ClarkSail reporter Willy Clark checks in with Paul Larsen from Namibia after he set the world water speed record with a top speed of 68.01 over one second, and an average of 65.45 for 500 meters, aboard Vesta’s SailRocket 2.
Paul Larsen: Yeah, that was pretty mad. Those numbers really sat me on my arse out there. We were hoping for big things but I didn’t expect that.
ClarkSail: Incredible. We’ve been talking about it all morning. We’re all super impressed over here. Do have to say remember Donal Campbell though. Stay safe.
Paul Larsen: Yeah, water speed records are notorious for unhappy endings.
ClarkSail: So what is it like to be the fastest man in the world? Got to be something special right?
Paul Larsen: Well for me personally it was obviously a big thing, but what happened yesterday was what it was all about. We didn’t want to just chase a number, we wanted to knock down limits themselves. It was just an incredible sensation, especially to do it in such an efficient craft. I was satisfied yesterday that that was “job done.” We set out a long time to ago to do this and do it right.
ClarkSail: You’ve ben at this for 11 years correct?
Paul Larsen: 11 years for me, 13 for Malcolm Barnsley our test engineer. So many people talk about these things and never follow through. I was determined that that wasn’t going to be the case for us.
ClarkSail: Wow, talk about gratifying. So can you tell us about the fence? The way we understand it that was what made all the difference.
Paul Larsen: I’m not sure how much of the foil we should reveal at this point. A lot of it is out there I guess but the key parts are hard to understand unless they are explained. The fence is pretty straight forward really. It was our first shot at a fence on this foil and it obviously worked very well. It transformed the boat. It’s a bloody big thing too. It probably doesn’t need to be that big.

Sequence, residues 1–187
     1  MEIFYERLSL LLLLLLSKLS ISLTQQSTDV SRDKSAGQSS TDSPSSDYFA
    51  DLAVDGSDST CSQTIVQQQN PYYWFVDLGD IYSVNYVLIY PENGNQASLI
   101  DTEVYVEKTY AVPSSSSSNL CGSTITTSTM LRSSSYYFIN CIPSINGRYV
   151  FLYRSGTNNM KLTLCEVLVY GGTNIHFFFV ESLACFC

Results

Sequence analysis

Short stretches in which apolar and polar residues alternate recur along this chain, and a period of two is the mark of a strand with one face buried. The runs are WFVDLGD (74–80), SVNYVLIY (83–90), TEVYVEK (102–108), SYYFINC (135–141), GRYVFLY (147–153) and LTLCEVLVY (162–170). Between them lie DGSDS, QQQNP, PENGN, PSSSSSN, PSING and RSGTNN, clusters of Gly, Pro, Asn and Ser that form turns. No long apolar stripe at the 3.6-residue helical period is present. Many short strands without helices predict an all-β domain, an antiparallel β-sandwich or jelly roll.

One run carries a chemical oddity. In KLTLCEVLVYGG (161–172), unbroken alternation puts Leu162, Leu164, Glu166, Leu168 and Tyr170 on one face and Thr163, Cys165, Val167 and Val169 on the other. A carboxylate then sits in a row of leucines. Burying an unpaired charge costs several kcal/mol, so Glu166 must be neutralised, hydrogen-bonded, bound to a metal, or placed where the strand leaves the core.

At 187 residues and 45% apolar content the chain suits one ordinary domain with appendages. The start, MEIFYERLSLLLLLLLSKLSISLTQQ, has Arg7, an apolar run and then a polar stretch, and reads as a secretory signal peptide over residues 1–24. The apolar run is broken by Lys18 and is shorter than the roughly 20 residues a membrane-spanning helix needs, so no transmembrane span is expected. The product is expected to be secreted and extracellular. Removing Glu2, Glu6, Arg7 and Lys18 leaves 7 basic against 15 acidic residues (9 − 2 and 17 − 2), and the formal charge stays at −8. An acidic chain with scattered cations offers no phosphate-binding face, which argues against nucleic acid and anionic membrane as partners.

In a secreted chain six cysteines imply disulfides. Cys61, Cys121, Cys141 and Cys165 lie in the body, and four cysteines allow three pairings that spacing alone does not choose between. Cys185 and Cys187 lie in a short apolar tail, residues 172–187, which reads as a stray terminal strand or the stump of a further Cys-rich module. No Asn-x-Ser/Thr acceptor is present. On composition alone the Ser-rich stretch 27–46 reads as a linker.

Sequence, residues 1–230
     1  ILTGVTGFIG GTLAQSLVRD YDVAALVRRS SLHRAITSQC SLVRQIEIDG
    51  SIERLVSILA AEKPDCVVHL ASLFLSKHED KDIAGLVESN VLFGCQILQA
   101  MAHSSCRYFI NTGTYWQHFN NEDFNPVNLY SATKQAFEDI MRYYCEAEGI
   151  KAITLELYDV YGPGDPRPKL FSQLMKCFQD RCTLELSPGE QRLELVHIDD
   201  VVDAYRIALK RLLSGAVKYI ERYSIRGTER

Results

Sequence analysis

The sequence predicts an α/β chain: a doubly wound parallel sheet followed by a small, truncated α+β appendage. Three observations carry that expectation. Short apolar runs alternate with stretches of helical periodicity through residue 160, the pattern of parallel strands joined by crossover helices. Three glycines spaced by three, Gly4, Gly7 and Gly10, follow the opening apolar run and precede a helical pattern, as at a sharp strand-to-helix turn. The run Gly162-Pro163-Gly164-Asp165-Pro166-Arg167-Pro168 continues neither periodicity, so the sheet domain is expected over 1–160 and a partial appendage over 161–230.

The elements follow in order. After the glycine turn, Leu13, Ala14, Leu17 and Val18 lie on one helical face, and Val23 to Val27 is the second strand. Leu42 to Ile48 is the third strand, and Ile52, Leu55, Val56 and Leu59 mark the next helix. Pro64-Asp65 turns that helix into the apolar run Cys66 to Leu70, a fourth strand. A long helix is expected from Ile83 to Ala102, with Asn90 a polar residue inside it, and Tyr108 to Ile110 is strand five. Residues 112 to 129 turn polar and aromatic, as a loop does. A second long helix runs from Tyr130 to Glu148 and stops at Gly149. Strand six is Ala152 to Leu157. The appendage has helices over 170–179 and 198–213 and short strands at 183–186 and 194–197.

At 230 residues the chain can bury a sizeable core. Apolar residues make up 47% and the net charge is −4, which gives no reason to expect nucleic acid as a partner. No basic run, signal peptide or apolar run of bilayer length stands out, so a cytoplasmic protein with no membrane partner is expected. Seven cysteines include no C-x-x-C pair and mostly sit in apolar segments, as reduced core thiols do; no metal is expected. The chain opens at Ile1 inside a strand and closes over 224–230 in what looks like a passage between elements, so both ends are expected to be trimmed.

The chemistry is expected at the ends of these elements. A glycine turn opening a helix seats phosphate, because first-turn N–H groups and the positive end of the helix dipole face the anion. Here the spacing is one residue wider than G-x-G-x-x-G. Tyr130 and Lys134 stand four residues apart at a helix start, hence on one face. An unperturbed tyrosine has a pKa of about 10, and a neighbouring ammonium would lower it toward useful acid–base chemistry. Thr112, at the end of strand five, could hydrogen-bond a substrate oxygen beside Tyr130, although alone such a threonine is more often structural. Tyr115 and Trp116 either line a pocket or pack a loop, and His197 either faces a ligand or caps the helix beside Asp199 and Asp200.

ClarkSail: Well if it gets you an extra 20 knots that’s mind blowing.
Paul Larsen: We put it on, it worked, we didn’t touch it.
ClarkSail: Why get off a winner right? So the way we understand it the fence is key in preventing ventilation. Do we have that correct?
Paul Larsen: Well actually the foil isn’t so much designed to work with cavitations as delay it until a much higher speed. Before we put the fence on the foil was cavitating at a much lower speed because a good chunk of it was ventilating. This caused the non ventilated spot part of the foil to do all the work and hence it started hitting suction peaks at lower speed and thus began to cavitate.
At least that is the theory we backed and it seemed to work. I would like to re-visit it once all this madness has slowed down though. Too often we try to tie these things up a bit too easily. There is often more to it than that.
ClarkSail: So what is the plan going forward for you guys? Do you keep pushing for more?
Paul Larsen: I think the foil could get to 70 knots as a peak, so yeah we could get some more out of it. The boat itself is built for more. It’s a tough bus that thing. Nothing flimsy about it. I think most people haven’t appreciated the amount of good engineering that went into this thing. We have a good team and we all wanted to do it right. That first boat was a hard bastard of a class room.
ClarkSail: So no plans to put it away or send it to a museum or anything?
Paul Larsen: Well I want Helena (Darvelid, reserve pilot) to start sailing it if she wants to. I think we will bring it back to the UK for now. I don’t know, it sort of belongs here in a way. Lot’s of people will no doubt want to see it and it’s time to give the sponsors some real pay-back. But I’m pretty sure you will see this boat over 70 knots at some stage in its’ life.
ClarkSail: Well we’re all looking forward to that Paul, and we’re all incredibly impressed that you and Malcolm stuck with it for so long.
Paul Larsen: We knew there was truth at the core of it. We couldn’t walk away.
ClarkSail: Well congratulations. We’re all incredibly impressed.
Paul Larsen: Righto, I’ll write something up and send it to you soon. Say hello to your dad. At the end of the day I’m just out here trying to impress old gurus like him.
ClarkSail: Will do. And congratulations again. 11 years well spent.
Paul Larsen: It now seems that way. Thanks Willy.